Heat Generation: A
I've had computers with AMD processors before and they typically suffered from intense heat generation. The Acer Aspire One, however, only gets slightly warm even after extended use. This is a netbook that you can sit on your lap without making you sweat.
Processing Power: A
The Acer Aspire One gets an "A" for processing power when compared to other machines I have used that have had a 10"-12" form factor. Nobody is going to confuse an AMD 1.0GHz dual core with a gaming machine. However, this processor core beats the Intel Atom by several orders of magnitude. This machine has the most powerful processor I've personally used in a sub-$300 machine. There is no reason to buy a crippled Atom deadbook when you can have an AMD dual-core. Just to make it clear: my last netbook with a single-core Atom that ran at 1.3 GHz was incapable of Netflix playback above 10 frames per second and could not play back audio from Zune without skips and pops. The AMD 1.0Ghz dual core plays Netflix at full frame rate and can play music without dropouts (although you still need external speakers!)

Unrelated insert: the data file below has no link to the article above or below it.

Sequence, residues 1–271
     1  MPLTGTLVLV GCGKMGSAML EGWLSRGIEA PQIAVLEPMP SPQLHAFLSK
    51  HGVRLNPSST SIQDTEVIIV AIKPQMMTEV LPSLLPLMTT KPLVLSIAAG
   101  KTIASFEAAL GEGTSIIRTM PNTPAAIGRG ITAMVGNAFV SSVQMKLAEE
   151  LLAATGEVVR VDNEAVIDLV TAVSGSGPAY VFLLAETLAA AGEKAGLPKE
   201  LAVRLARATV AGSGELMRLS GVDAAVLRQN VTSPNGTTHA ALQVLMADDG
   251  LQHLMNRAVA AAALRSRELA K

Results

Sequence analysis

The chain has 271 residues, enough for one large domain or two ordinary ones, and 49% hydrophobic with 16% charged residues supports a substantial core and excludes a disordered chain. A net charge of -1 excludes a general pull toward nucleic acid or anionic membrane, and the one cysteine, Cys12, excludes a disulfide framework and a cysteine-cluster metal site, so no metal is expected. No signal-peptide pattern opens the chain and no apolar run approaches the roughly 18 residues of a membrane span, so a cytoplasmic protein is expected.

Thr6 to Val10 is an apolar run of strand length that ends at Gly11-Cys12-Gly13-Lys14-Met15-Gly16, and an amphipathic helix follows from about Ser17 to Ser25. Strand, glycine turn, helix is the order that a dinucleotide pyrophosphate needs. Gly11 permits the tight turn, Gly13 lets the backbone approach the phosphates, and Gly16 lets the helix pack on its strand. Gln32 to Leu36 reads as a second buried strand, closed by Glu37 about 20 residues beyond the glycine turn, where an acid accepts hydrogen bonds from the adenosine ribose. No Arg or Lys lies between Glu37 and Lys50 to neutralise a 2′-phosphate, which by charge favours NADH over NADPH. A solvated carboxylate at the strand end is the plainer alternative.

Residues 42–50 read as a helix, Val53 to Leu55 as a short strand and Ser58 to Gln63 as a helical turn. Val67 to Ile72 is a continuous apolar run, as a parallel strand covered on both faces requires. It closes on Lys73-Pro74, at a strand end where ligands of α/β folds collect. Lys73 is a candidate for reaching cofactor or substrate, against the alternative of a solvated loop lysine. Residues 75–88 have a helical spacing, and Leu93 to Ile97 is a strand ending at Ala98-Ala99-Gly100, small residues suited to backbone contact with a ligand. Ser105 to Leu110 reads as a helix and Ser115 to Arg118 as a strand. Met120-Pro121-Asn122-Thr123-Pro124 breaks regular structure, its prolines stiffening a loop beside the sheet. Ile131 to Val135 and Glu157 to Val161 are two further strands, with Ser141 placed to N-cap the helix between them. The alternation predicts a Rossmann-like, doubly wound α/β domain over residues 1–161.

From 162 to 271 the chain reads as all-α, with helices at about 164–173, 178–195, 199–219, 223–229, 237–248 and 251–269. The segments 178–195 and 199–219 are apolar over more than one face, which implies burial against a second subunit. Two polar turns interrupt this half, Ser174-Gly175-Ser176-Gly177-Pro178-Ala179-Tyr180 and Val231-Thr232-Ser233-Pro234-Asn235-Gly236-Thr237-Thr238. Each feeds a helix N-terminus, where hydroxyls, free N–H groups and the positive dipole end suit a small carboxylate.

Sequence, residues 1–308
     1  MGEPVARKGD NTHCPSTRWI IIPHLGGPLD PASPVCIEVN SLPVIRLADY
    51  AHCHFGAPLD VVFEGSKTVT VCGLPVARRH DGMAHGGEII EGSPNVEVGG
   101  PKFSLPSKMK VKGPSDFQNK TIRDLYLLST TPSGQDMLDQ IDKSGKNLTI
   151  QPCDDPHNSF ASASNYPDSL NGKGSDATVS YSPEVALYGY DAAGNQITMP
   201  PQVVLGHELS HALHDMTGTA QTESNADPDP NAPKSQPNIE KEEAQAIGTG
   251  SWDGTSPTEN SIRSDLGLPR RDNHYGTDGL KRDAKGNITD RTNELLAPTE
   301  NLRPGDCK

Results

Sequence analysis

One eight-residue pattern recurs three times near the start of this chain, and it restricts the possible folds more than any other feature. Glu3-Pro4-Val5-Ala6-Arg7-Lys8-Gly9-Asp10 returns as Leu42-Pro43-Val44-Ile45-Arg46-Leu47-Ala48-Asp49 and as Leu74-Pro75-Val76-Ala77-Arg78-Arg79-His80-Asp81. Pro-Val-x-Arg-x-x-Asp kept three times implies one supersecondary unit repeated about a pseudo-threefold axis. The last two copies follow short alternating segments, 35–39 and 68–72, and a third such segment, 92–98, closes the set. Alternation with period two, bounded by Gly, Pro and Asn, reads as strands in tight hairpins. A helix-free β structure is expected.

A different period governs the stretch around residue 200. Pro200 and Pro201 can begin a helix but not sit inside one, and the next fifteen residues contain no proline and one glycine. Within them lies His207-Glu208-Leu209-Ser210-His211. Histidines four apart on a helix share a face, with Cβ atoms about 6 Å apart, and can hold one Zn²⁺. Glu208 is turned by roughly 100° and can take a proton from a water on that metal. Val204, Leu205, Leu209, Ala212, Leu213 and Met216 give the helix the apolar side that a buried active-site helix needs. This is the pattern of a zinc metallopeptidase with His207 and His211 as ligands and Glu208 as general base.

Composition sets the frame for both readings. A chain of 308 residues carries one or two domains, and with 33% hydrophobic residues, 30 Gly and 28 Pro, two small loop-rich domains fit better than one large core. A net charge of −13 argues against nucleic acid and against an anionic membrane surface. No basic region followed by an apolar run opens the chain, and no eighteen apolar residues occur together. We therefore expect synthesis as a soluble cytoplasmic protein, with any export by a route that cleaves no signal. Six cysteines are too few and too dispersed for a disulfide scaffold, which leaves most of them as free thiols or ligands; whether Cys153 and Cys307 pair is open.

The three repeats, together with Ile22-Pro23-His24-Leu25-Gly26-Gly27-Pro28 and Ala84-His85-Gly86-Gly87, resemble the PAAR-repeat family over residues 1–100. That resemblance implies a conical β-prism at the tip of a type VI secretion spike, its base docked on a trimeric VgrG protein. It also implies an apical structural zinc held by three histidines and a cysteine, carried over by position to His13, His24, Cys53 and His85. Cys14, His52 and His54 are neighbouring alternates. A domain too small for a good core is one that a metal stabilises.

Video Power: A
The Acer Aspire One is configured with a AMD Radeon HD 6250. It cannot be overstated just how much more powerful this GPU is compared to the Intel GMA 500 that some netbooks ship with. I referenced the HD6250 on NotebookCheck and discovered that the HD6250 has a processing power similar to the Intel HD graphics chip (which is employed in full-size laptop computers). Don't mistake the AMD Radeon HD 6250 for a gaming GPU, for it is not. However, to get at least "mainstream" GPU power out of a $299 machine is pretty good. That its power greatly exceeds the Intel GMA 500 and Intel 3150 (common netbook GPUs) earns the Acer Aspire One an "A" for graphics power.